Two and a half years has passed since I last wrote about career advancement for women in financial IT and I’d love to say that all is well – but sadly there is still a lot of work to do if the industry is going to attract and retain some of the very best talent.
However, we have had some progress. One of the issues we touched upon in the last piece was the high number of women leaving successful IT careers because of childcare commitments – and crucially, who do not return. It was gratifying therefore to hear Deputy Prime Minister Nick Clegg pledging to allow couples to share maternity leave.
The current parental leave provisions are one of the most unequal in Europe and are a key contributing factor to the very low number of women that we see in senior positions. In the financial services sector particularly, the majority of women that do reach the top either do not have families, or have partners who stay at home. Programmes which help women returners – particularly in the area of confidence building and keeping skills updated after maternity leave are very important in terms of retention. Many women feel that they have suffered a ‘motherhood penalty’ and are overlooked for promotion and development because of their childcare responsibilities. In 2011 we shouldn’t have to choose between children and a career.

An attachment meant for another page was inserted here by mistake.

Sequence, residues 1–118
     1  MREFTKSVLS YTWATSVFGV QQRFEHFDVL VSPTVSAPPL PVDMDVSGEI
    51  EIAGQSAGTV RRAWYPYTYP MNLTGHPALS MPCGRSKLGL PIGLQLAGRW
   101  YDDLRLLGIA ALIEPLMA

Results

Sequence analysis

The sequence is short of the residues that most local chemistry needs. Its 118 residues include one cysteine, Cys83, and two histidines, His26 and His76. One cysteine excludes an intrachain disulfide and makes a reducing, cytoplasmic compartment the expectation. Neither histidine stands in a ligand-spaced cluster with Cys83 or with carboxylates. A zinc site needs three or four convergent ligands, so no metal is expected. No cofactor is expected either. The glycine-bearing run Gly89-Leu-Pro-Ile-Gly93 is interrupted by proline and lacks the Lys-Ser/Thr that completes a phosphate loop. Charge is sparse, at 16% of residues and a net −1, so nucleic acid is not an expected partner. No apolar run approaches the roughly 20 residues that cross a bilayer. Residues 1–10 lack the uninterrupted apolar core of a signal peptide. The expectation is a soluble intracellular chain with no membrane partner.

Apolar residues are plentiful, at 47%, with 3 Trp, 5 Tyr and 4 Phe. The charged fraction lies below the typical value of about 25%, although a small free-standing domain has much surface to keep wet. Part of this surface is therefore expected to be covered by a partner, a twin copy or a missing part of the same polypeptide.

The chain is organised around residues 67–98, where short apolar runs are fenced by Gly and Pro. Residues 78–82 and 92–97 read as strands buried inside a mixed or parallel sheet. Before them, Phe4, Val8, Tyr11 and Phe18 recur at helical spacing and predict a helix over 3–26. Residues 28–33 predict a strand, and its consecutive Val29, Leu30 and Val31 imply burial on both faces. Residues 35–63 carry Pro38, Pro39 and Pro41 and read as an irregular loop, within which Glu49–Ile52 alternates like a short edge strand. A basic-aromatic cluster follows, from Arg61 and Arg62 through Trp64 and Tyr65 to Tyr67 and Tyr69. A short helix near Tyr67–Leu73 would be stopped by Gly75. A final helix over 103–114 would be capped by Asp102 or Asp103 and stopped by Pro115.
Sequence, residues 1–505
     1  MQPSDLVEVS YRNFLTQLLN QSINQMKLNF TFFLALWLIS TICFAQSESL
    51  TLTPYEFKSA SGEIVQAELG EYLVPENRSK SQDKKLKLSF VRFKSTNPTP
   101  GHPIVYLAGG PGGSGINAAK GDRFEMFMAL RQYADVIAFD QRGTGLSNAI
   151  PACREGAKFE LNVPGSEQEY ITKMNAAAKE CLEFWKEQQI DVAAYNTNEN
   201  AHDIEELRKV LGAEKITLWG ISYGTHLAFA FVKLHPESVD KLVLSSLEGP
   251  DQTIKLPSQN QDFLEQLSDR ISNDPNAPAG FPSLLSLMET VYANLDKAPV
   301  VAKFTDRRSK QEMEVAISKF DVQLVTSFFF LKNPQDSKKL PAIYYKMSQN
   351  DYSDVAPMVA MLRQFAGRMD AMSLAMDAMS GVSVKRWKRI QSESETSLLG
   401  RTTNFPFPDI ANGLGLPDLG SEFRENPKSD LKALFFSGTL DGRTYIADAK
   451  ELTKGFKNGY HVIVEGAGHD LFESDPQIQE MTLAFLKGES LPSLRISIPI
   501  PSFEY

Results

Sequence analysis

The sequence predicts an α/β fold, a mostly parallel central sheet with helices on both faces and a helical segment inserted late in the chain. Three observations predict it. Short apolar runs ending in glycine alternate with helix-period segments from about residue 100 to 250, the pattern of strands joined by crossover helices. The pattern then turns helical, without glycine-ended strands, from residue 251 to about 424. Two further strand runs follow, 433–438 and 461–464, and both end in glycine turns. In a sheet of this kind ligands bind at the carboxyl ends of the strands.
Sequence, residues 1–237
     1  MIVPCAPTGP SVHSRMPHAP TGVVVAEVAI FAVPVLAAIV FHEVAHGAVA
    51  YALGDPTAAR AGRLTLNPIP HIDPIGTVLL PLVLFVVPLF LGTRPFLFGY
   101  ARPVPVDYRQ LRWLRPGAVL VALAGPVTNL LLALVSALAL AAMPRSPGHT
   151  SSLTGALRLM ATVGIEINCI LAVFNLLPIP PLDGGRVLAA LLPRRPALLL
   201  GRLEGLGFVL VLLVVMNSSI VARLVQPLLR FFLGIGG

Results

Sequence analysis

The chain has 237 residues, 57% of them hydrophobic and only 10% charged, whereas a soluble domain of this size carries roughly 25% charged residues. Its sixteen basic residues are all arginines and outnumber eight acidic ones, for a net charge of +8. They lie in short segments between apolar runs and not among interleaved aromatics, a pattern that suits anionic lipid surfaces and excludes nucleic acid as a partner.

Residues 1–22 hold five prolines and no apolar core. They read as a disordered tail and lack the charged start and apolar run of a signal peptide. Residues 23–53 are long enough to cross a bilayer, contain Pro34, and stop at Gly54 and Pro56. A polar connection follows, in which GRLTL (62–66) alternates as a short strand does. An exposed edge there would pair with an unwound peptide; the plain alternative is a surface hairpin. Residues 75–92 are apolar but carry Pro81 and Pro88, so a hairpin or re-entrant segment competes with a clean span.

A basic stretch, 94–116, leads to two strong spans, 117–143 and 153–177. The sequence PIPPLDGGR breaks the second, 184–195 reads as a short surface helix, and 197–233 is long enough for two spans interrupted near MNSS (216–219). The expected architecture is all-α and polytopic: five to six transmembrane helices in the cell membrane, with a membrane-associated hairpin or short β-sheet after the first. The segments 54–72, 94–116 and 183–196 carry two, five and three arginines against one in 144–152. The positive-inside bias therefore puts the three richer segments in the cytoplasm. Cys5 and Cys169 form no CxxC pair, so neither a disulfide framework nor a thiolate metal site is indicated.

There has also been much debate over the past two years around quotas versus targets. Germany is proposing an introduction of mandatory quotas for women on boards; in addition France, Spain and Italy are also considering the idea. However, I’m not sure that gender quotas for the UK would be popular among British women – or men. The last thing the financial services sector needs is positive discrimination and the majority of female technologists that we speak to in the financial services sector want to achieve promotion on their own merit and ability – not just to make up numbers.
Instead, targets and the education of middle management, what is really needed to help drive change. The financial services sector has made some headway here and has recognised that in order to attract and retain the best – it needs to fish from the widest possible talent pool.
The Glass Ceiling Still Persists
However, our recent survey carried out in conjunction with Intellect, the trade association for the UK technology sector, has revealed that women are still facing a tough glass ceiling. The findings are worrying: over 60% of respondents have over a decade of experience and yet only just over a quarter (26%) have reached senior management level with many feeling that they are being passed over for promotion in favour of male colleagues. In fact, over a third of respondents said they had left their last position due to a lack of internal promotion.